Videos: Paul McCartney And Neil Young Share The Stage And Play Beatles Classics At Desert Trip
With temperatures soaring as high as 99 degrees on Saturday, Desert Trippers sought refuge from the heat while waiting for Neil Young to grace the stage in the early evening.
The Desert Trip Photography Experience, which didn't see much action on Friday, had a line of hundreds waiting to get into the air conditioned tent. It wasn't even ticketed or controlled in any way—it just took people a while to stroll in. Once inside, though, the refugees from the heat were treated to an amazing exhibition of rock and roll photography, with many photos rarely seen.
The subjects of the gallery were the six acts that would grace the Desert Trip this weekend, and many of the photos tore down the rock star facade that we come to know them through. Terry O'Neill's stunning compositions captured the nastyboy Rolling Stones during more candid moments offstage. Elliott Landy's photos of Bob Dylan showed the troubadour at home with his children, and even enjoying a moment on a trampoline. Most stunning were Henry Diltz's photos of Neil Young at home in Broken Arrow Ranch, laughing at his children's fart jokes and driving with his dog. Be sure to drop by when you can.
(Annie Lesser/ LAist)
During his Crazy Horse tours in the 1970s, Young was known for the roadies dressed as Jawas that graced the stage. At Coachella, with his stage's backdrop a gigantic burlap sack of organic seeds, two women graced the stage ahead of Young, "planting" crops. After a few songs, men in hazmat suits seemed to "spray" these crops with pesticides. Shit, was Young going to do a whole set of songs about Monstanto?
Thankfully, no—but many of the songs in his setlist fit into his overarching theme of environmental activism. "We got Mother Nature on the run / In the 21st century," he sang in "After The Gold Rush," updating the lyrics to his classic:
He was soon joined The Promise of the Real, his most recent backing band (fronted by Willie Nelson's son, Lukas). "Harvest Moon" was a crowd pleaser:
And I'm not even going to preface it in any way here--I'll just put what I have written in my notes (all caps are verbatim): "POWDERFINGER MELTED MY FACE":
And if that wasn't enough, that was immediately followed by a 20-minute jam of "Down By The River" that my ears are still recovering from. Neil Young, the godfather of stoner metal:
Young also debuted a handful of new songs that, in true Neil Young fashion, were pointedly political. "Neighborhood" and "Peace Trail" tapped into our post-9/11 anxieties and fears, but the lyrics to both could still use a little workshopping.
And you know he wouldn't let the night go by without mentioning Donald Trump. "Come back tomorrow night," he said to the crowd, "because Roger [Waters]'s gonna build a wall and Make Mexico Great Again!" Performing "Welfare Mothers," he called it "Donald Trump's new campaign song."
And with time running out in his set, Young tore into "Rockin' in the Free World," which was once Donald Trump's campaign song. "Fuck you, Donald Trump."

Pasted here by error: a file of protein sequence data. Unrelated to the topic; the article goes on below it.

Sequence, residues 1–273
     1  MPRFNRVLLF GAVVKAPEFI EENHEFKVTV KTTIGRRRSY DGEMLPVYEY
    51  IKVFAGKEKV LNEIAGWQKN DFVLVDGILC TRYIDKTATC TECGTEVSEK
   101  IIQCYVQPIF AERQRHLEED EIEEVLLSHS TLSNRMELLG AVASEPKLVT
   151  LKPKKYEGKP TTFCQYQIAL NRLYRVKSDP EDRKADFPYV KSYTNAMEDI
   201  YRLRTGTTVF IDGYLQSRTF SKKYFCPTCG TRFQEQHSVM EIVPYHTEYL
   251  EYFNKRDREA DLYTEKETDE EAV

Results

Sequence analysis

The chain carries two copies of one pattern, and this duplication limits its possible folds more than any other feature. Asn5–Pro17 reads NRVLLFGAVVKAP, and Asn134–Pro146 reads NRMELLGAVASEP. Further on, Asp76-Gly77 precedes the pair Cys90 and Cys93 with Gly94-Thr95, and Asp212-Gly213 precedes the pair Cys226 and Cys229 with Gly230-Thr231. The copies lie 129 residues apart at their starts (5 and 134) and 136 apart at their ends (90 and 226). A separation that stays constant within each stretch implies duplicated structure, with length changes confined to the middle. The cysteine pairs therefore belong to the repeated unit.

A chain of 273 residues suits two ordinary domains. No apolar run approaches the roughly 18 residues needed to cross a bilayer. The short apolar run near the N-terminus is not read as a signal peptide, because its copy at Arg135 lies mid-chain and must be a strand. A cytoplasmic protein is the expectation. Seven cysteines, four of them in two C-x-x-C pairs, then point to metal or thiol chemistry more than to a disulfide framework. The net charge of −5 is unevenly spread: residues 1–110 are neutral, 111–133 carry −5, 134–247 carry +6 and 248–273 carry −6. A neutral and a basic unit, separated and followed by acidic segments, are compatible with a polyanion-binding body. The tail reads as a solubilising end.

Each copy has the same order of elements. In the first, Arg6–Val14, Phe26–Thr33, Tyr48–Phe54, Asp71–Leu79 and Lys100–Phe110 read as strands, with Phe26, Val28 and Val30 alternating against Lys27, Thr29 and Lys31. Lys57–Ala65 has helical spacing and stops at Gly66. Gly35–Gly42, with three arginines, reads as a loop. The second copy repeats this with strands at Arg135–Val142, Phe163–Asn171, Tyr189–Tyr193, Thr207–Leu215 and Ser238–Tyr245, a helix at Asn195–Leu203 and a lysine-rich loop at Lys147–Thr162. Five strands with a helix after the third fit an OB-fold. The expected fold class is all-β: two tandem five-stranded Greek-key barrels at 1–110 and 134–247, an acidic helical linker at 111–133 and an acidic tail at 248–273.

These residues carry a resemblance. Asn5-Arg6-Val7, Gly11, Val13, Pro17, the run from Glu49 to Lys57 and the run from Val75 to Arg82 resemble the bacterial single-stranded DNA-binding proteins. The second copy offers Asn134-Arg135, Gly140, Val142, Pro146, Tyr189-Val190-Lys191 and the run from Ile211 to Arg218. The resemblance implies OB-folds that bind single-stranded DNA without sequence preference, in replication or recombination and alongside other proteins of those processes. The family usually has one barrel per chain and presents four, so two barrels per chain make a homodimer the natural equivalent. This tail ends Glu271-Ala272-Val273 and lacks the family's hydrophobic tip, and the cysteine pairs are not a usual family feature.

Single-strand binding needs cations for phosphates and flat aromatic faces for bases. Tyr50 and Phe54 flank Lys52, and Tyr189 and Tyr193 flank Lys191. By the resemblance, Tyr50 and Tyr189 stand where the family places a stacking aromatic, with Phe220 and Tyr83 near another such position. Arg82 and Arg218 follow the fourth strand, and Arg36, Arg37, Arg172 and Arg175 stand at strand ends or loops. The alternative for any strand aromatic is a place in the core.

When you're the pop geniuus of the most popular band of all time (and have a mostly-excellent solo career to boot), it doesn't take much to please tens of thousands of fans who braved the desert to see you.
Paul McCartney played a two-and-a-half hour set that got better as it went along, serenading the crowd with "some old songs, some new songs, and some in between ones." His soft voice is a little rough around the edges now, but it was palpable that he aimed to last please last night. The setlist truly spanned both ends of career, from the first Quarrymen song he recorded with John and George, "In Spite of All the Danger", to last year's collaboration with Kanye West and Rihanna, "FourFiveSeconds."
McCartney's set felt like a career retrospective curated by McCartney himself, playing Beatles favorites, Wings hits, and recalling stories of George Harrison, John Lennon and Beatles producer George Martin (notably, Ringo Starr got no mention). "To this day when I hear the record, I can hear the nerves in my voice," he said after "Love Me Do," one of the first songs they recorded with Martin.
Halfway through, McCartney brought Neil Young back onstage, and the two dueted on a few tunes, including Lennon's anthem "Give Peace A Chance," and the Beatles opus "A Day In The Life:"
The Stones may have the sound and style that lends itself to a spectacle, but McCartney rose to the challenge on Saturday night. The home stretch of Macca's set rolled through some of the more rollicking tunes in his catalog--"Band On The Run," "Back in the U.S.S.R."--and wrapped with a pyrotecnics show that topped even the Rolling Stones for "Live and Let Die," followed by a crowd singalong for "Hey Jude."
And what more appropriate way to close out the encore than with the Abbey Road medley?
I can't believe there's one more day of this. It'll be hard to top Saturday night.
Desert Trip wraps up on Sunday night, with The Who and Roger Waters.